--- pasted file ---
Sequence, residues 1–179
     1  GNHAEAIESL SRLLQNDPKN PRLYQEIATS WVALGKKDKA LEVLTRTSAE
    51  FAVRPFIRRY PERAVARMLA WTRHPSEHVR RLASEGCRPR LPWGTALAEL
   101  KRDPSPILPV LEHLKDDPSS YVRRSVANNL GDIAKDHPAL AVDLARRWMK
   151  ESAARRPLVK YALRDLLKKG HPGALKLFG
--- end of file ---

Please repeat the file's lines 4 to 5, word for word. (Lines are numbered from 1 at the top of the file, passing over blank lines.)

   101  KRDPSPILPV LEHLKDDPSS YVRRSVANNL GDIAKDHPAL AVDLARRWMK
   151  ESAARRPLVK YALRDLLKKG HPGALKLFG